I think there must be some kind of modeling corollary to Murphy’s Law that says “over the course of a build, something will go wrong”.
Looking back, I feel like there’s been something with every kit I’ve built.
Sometimes it’s been unfortunate tape-lift, like on my Trumpeter P-47.
Sometimes it’s acts of nature, like the time a gentle breeze caused my 1/32 Tamiya Corsair to slide off its stand, off the desk for a hard landing on the garage floor?
And sometimes it’s betrayal by shitty decals.
That was my experience with the Italeri F-104 and Zotz decals. Italeri totally botched the roundel sizing for the Italian schemes, so I opted to give the Zotz ones a go. And they were thick and did not settle and looked like shit. So…I got to strip them and repaint.
Well, now it’s the F-14’s turn.
The F-14 Meets Its Fuckup
I’ve been working on Tamiya’s 1/48 F-14A Tomcat for a few months now, and apart from some small frustrations, it’s proven to be a rather good kit.
The thing is, I’ve been hellbent on depicting a specific aircraft – “Rage 207” of VF-24.
Thanks to a handy Furball sheet, I had almost all the markings I needed for this particular ship. The only things missing were the particular aircraft numbers – the modex numbers on the wings, tails and nose. That and the “USS Kitty Hawk” on the glove vanes.
So…I printed some of my own and got to work.
Along the way, I managed to mess up one of the VF-24 decals on the lower strakes…so I went ahead and made custom replacements.
The decals went down wonderfully.
Except that some of the custom decals were just woefully thick, and too fragile to take efforts to settle them down without smudging and smearing. I also faced a few other hurdles – areas of the F-14 that had been primed with Badger Stynylrez seemed to suffer some kind of degradation under Mr. Mark Setter and Mr. Mark Softer. And something else…
Midway through the decal work, I became aware of a Fightertown decal sheet depicting a later Rage 207. Not quite what I needed, but it had all the modex numbers. And considering how prominent the wing and nose numbers are, I decided I’d rather put my trust in Fightertown than my troublesome custom numbers. They were great, but they did degrade a very tiny bit under Mr. Mark Softer. Still…everything was looking pretty good…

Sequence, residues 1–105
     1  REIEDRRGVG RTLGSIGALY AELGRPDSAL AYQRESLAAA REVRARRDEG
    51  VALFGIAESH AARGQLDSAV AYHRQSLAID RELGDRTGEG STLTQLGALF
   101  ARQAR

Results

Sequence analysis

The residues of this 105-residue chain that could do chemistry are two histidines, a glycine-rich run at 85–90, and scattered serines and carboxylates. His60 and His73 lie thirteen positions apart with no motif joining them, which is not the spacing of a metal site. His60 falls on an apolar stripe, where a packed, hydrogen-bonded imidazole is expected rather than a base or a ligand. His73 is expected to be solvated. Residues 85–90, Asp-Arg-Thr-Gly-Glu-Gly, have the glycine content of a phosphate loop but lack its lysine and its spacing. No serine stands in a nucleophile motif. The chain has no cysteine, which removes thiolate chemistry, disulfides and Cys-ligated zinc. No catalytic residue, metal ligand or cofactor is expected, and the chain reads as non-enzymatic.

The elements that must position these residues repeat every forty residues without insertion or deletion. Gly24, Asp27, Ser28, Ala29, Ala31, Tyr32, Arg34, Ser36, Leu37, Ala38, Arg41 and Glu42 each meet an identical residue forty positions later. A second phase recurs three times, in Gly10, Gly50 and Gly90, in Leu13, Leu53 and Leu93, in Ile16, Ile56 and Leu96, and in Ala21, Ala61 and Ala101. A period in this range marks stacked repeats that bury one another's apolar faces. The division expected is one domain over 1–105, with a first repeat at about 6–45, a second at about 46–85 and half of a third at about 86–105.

And then I put down a sealing coat and the thick custom decals on the strakes just…fuck.
While we’re at it, the small 07s on the tails are also not great.
Clearly, Testors decal paper is bullshit. And clearly, I need to fix these things.
The Fix Is In
So…the need to fix this bullshit is understood. But how?
Plan A – Build and Sand
When I was finishing out the prop on Trumpeter’s Dauntless, the Hamilton Standard logos provided with the kit were just bullshit. So I stole some much better ones from Tamiya’s F4U-1A Corsair.
Thing is…the Corsair decals are Tamiya’s usual ultra-thick variety. And so they went down nicely, but were very obviously decals.
The solution? Build up a heavy coat of Gunze GX100 Gloss, which has more heft to it than your average bear, and then sand back so that the blades were level. It worked really well.
But prop blades are one thing…and if you look again at the VF-24, there’s some obvious discoloration at work as well.
Sanding it back would help a bit. But the discolored square would remain. That and if you look at the swoosh on the strake…it doesn’t carry all the way up. Which I’ll admit has bugged me – since the real world example does:
Plan B – Strip It
So if GX100 won’t get me there, what will?
Simple. I’m going to do some targeted stripping, just like I did with the F-104.
What about the markings? Well – recall that I put the strake decals down before I even knew about the Fightertown sheet. Which means I’ve got a leftover set of the strake VF-24s and the tail 07s.
What I don’t have are the swooshes. But…I’ve got a cutting machine now. And while I’m still struggling with tighter detail, cutting a swoosh mask is absolutely within the realm of doable.
So, that’s the plan. Now…to execute.